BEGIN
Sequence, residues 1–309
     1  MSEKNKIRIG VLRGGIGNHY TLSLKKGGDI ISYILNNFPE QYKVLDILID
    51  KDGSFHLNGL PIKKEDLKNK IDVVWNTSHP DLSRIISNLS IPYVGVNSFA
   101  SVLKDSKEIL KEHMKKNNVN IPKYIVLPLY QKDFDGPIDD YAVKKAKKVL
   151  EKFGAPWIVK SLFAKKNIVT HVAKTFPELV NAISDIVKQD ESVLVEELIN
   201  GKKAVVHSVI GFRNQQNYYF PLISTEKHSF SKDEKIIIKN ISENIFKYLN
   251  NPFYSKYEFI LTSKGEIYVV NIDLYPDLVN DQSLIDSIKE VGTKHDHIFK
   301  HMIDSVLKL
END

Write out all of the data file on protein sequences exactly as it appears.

Sequence, residues 1–309
     1  MSEKNKIRIG VLRGGIGNHY TLSLKKGGDI ISYILNNFPE QYKVLDILID
    51  KDGSFHLNGL PIKKEDLKNK IDVVWNTSHP DLSRIISNLS IPYVGVNSFA
   101  SVLKDSKEIL KEHMKKNNVN IPKYIVLPLY QKDFDGPIDD YAVKKAKKVL
   151  EKFGAPWIVK SLFAKKNIVT HVAKTFPELV NAISDIVKQD ESVLVEELIN
   201  GKKAVVHSVI GFRNQQNYYF PLISTEKHSF SKDEKIIIKN ISENIFKYLN
   251  NPFYSKYEFI LTSKGEIYVV NIDLYPDLVN DQSLIDSIKE VGTKHDHIFK
   301  HMIDSVLKL